SOUTH AFRICAN WINE: HARVEST REPORT 2015

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Smaller, high quality wine grape harvest from early season

The South African wine industry will remember the 2015 season as one of the driest and earliest in years, with a somewhat smaller wine grape harvest promising exceptional wines.

According to regional viticulturists of VinPro – the representative organisation for close to 3 500 wine grape producers and cellars – this year’s harvest kicked off two weeks earlier than usual.

“The 2015 harvest had the earliest start in decades. Warm weather in August resulted in earlier bud break, after which a warm, dry and windy summer kept vineyard growth under control and accelerated ripening by approximately two weeks,” said Francois Viljoen, manager of VinPro’s Consultation Service. The dry weather also led to one of the healthiest seasons in years, with almost no losses due to diseases or rot.

The total harvest is expected to be 1% – 2% smaller than the record harvest in 2014. The Worcester region harvested the largest wine grape crop in the area’s history, with Robertson also realising a larger harvest. The intake of wine grapes in the Orange River, Olifants River and Breedekloof regions was close to the same as in 2014 and somewhat smaller crops were harvested in the rest of the regions.

Dryland vineyards in the coastal regions were affected by water shortages due to the drier weather conditions. A channel break in the Olifants River region during January did not have a substantial effect on its production.

South Africa is the seventh largest wine producer globally and produces 4% of the world’s wine. Close to 52% of the country’s natural wine is exported and 48% is sold locally.

Commenting on the harvest, Siobhan Thompson, CEO, Wines of South Africa, said: “The wines from our 2015 harvest are set to cement South Africa’s position as the most exciting wine producer in the world. The wave of optimism around the quality of South African wines will only continue and we’re excited to be able to showcase this great vintage during our forthcoming trade show, Cape Wine, this September. Our winemakers are gearing up to show visitors from across the globe some of the best wines South Africa has ever produced.”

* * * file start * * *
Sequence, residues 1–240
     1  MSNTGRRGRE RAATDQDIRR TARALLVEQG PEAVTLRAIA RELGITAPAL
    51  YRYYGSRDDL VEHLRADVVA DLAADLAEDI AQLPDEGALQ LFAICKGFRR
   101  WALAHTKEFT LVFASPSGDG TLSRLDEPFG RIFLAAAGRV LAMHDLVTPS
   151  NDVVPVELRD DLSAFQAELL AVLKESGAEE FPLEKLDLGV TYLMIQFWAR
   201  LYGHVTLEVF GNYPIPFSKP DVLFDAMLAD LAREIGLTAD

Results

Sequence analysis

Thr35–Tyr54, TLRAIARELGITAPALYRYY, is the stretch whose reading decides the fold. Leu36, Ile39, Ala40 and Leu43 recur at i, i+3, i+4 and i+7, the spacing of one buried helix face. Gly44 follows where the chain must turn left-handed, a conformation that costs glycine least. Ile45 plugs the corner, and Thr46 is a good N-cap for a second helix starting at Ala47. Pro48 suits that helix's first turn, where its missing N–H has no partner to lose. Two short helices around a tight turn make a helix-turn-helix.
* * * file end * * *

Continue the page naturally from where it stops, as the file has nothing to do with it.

Total crop size:
The 2015 wine grape crop is expected to reach 1 502 360 tons according to the latest estimate (30 April 2015) of the South African Wine Industry Information and Systems (Sawis). It is 1.1% smaller than the record harvest in 2014.

The 2015 wine harvest – including juice and concentrate for non-alcoholic purposes, wine for brandy and distilling wine – is expected to amount to 1 164.9 million litres, calculated at an average recovery of 775 litres per ton of grapes.

2014/15 Growing season:
Good reserves were accumulated during the post-harvest period in April and May, after which leaf fall generally occurred at the right time. A cold, wet winter led to the accumulation of sufficient cold units for the full breaking of dormancy, which contributed to even bud break.

Warm weather in August resulted in earlier bud break. A warm, dry and windy summer followed, keeping vineyard growth under control and accelerating ripening by approximately two weeks, which brought the harvesting season forward by two weeks.

With the absence of the usual heat waves in most regions, cooler than usual weather in February was ideal for ripening and harvesting. Lower temperatures at night during this time contributed towards good colour and flavour in especially the red cultivars.

Temperatures warmed up again during March, which led to the harvest ending close to two weeks earlier than usual in most regions.

Although the dry, warm conditions – and especially a lack of rain at the beginning of November – necessitated additional irrigation, the dry weather during the harvest time was ideal to ensure healthy grapes without diseases or rot.

Wine potential:
“Save up, beautiful wines are on their way!” said Viljoen. Exceptional wines are expected throughout the cultivar spectrum, and some winemakers laud this year’s harvest as one of their career highlights.

Grape analyses were good, with low pH and good acidity and sugar levels, which form the foundation for high quality wines.

Smaller berries, as well as moderate temperatures during the harvest time led to good colour and intense flavour in this year’s red wines. White wines are also of above average quality, with good wine analyses and flavour spectrums.

Overview of the regions:
Breedekloof – One of the best harvests ever in terms of quality, with a relatively large crop as bonus.

Klein Karoo – An unusually early, healthy season brings a high quality, but smaller harvest.

Malmesbury/Swartland – This dryland region’s crop decreased, but smaller berries promise remarkable quality.

Olifants River – Exceptional grape analyses and colour due to a more moderate summer; the same crop size as in 2014.

Orange River – A good harvest of the same size as in 2014, despite limited frost damage and heat waves.

Paarl – After kicking off very early, a smaller harvest of very high quality was taken in.

Robertson – A bigger harvest than in 2014, with exceptional quality wines.

Stellenbosch – Although somewhat smaller, this was one of the best, if not the best, harvests in years.

Worcester – The largest harvest in the region’s history, producing very good wines.

See www.vinpro.co.za for the full harvest report per region
Visit www.CapeWine2015.com for information on the show

PHOTO ABOVE:
Harvest time kicked off about two weeks earlier than normal. (CREDIT: Loriane Grobbelaar)
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